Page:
Object #1008496 from MS-Papers-0032-0613

5 pages written 27 Jan 1863 by an unknown author in Napier City

From: Inward letters - Surnames, Tut - Tyl, Reference Number MS-Papers-0032-0613 (11 digitised items). Correspondents:Sir John Tuthel, Napier, 1875 (1 letter); James Tweeddale, Masterton, 1870 (1 letter); H J Twigg, Doonside & Maraekakaho, 1866-1869 (3 letters); J T Tylee, Wanganui & Napier, 1859-1876 (5 letters)

A transcription/translation of this document (by ATL) appears below.

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English (ATL)

27th. Jany. 1863.

My dear Sir,

I am inclined to think there is a much shorter practicable road to be found between this place and Wanganui. The road at present starts from Wanganui and runs southerly to Capt. Daniels Station at Rangitikei, there it crosses the river and running still south crosses the Orawa at the Pah, then through the bush to Raukawa and by the gorge through which the Manawatu runs, and soon after takes a northerly direction (bush nearly all the way), now there is a second opening in the mountains several miles to the north of the Manawatu gorge, and if a road could be cut through this way, it would be much shorter besides saving a considerable quantity of bush. This line of road would still run as at present to Rangitikei but after crossing the river would still run as at present to Rangitikei but after crossing the river would strike nearly straight across to the upper part of the Ruataniwha plains so that the bush on this side of the mountains is very trifling, I am not aware if this road be practicable, but the expense of examining would be very little, there are no native settlements on this road while there are on the lower line and there being tracks from one place to the other is the probable reason it is used instead of another being attempted, in the upper line there would be fewer rivers to cross I believe the native would be glad to see a road made on either line, and I know the Wanganui settlers have it in contemplation to pay the natives to make the present track more available for driving sheep and cattle to this part. I should be very glad to see some assistance given them by Government, if only to the same extent as they help themselves. Now supposing this line of road to be formed (not regularly made) so great a portion being on Govt. or free hold land, and the Natives being anxious for a road I conceive it would be practicable to station at suitable intervals, small Detachts. of the Colonial Force, which will probably be formed, and as these men must be paid a certain sum daily, they might be profitably employed in completing the road and keeping it in repair, these men should also be employed in carrying the inland mails, whereby a considerable sum would be saved and the service more systematically performed for instance each station would be provided with a strong active horse, a cart and a few wheelbarrows the horse not be be much used the day previous to the arrival of the mail, and as soon as it arrived should proceed to the next station, and return with the back mail, by this arrangement, a mail may be easily carried across the island in 36 hours, say once a fortnight until better times, I cannot help thinking a road across this part of the island would also assist to cool the ardour of any disaffected natives south of the road by placing a slight impediment between their brothers to the north. I have not entered into so many particulars as I could wish, nor is it perhaps worth while to do so unless some good were likely to come by so doing, I do not wish to take any credit to myself for suggesting the line of road, it was our friend John Campbell who first told me of it, and I fancy Alix McDonald would be the best to give you any information respecting the road from Rangitikei to the upper gorge. My great grandfather Palmer was the 1st. man in England who ever ran a mail coach, he established a good system of carrying mails by which he personally lost £32,000 I am not likely to do this as you well know, still if the hint I have given should ever lead to any good or bring us in closer connection with old friends at Wanganui I shall be very pleased.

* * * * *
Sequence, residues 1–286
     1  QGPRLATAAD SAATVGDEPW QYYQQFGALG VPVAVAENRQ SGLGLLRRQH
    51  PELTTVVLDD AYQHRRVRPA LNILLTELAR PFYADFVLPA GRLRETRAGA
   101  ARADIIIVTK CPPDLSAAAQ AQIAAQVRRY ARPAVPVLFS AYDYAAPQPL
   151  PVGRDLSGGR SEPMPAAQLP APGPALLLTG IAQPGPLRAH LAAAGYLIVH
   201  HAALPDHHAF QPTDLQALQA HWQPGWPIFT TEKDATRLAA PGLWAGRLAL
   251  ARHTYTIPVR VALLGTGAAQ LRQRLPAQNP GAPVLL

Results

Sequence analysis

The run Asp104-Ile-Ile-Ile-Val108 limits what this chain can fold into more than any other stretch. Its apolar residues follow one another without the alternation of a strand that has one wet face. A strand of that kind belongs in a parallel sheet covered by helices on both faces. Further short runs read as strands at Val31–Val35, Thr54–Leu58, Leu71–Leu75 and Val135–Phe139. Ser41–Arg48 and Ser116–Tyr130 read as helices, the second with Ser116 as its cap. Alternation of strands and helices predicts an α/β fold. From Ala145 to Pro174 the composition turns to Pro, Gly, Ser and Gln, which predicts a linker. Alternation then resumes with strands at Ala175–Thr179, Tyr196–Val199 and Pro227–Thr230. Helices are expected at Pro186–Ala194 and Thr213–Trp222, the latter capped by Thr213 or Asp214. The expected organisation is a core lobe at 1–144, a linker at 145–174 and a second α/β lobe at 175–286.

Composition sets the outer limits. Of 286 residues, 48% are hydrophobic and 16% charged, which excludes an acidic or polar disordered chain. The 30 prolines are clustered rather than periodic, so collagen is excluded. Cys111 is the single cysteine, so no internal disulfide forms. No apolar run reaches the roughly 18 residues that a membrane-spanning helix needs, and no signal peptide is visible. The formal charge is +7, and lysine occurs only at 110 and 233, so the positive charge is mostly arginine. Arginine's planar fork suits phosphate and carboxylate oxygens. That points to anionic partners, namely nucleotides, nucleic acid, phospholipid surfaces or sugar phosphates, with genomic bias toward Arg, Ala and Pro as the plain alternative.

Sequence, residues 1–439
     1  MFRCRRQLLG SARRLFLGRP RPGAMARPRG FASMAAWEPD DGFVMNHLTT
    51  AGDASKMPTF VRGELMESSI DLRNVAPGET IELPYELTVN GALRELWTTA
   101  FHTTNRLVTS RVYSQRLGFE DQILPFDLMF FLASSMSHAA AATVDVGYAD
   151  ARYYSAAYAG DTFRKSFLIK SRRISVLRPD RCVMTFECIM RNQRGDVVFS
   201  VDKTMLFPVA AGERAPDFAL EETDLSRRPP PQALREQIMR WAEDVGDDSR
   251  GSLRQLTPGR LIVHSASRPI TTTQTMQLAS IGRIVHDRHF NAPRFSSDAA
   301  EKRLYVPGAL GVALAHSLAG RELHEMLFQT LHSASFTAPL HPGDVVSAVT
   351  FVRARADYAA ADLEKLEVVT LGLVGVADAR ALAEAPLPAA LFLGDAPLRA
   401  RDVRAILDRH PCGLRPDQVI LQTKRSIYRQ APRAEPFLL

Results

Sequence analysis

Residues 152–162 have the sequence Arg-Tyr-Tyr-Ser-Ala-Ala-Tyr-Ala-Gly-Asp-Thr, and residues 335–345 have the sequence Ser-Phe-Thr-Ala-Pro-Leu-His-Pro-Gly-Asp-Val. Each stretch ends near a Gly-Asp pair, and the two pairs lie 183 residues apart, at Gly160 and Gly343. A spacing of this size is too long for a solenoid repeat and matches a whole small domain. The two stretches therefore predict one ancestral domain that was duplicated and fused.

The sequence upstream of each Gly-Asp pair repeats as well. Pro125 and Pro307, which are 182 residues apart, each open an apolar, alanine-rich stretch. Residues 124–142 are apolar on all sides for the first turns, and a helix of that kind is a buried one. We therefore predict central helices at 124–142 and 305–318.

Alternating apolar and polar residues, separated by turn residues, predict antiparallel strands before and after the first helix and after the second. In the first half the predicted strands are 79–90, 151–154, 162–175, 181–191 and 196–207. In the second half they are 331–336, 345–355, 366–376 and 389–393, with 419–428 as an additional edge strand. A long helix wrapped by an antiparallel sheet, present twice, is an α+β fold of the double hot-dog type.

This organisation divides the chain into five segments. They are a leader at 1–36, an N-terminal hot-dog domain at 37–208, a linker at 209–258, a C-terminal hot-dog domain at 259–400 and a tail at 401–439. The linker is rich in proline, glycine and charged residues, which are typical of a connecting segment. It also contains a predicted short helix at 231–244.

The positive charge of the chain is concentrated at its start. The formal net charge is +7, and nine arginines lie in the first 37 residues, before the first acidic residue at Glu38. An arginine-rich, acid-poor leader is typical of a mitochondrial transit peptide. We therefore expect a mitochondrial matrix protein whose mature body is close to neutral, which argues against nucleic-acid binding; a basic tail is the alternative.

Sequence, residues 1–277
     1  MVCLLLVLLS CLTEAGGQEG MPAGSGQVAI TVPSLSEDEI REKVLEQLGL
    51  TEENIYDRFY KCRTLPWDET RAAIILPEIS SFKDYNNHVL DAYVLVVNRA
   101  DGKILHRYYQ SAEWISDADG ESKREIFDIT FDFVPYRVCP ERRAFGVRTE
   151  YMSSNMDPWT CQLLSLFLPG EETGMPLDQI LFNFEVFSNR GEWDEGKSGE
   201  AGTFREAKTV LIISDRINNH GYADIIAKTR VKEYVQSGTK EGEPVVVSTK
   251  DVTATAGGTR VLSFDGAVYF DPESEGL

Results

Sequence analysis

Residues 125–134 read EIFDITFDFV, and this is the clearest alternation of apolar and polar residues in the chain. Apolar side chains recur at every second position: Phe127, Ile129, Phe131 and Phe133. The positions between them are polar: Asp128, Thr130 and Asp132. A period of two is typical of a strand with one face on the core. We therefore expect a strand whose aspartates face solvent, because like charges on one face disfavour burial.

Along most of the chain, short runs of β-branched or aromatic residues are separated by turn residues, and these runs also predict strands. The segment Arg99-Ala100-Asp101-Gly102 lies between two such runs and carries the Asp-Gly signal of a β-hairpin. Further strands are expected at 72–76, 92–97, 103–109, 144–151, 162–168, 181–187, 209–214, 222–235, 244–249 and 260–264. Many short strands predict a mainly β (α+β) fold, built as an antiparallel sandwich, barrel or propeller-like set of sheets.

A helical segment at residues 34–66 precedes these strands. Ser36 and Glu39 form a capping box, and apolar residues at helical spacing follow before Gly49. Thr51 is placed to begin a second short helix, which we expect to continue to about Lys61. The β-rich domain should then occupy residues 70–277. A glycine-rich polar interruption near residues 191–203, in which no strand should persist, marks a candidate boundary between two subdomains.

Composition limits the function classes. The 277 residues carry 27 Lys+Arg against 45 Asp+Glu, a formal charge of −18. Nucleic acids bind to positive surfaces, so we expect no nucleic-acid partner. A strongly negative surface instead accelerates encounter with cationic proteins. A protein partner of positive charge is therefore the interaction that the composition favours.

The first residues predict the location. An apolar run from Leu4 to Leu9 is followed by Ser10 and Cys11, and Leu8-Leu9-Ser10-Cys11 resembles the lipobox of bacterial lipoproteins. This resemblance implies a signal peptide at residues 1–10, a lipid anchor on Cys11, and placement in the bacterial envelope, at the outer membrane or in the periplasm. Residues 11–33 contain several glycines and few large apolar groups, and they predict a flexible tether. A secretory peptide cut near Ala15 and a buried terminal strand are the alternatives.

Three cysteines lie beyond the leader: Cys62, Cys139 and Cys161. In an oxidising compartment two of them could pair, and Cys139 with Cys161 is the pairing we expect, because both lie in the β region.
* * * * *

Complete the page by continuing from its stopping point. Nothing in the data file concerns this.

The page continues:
Yours very truly,
I.T. Tylee.

Part of:
Inward letters - Surnames, Tut - Tyl, Reference Number MS-Papers-0032-0613 (11 digitised items)
Series 1 Inward letters (English), Reference Number Series 1 Inward letters (English) (14501 digitised items)
McLean Papers, Reference Number MS-Group-1551 (30238 digitised items)

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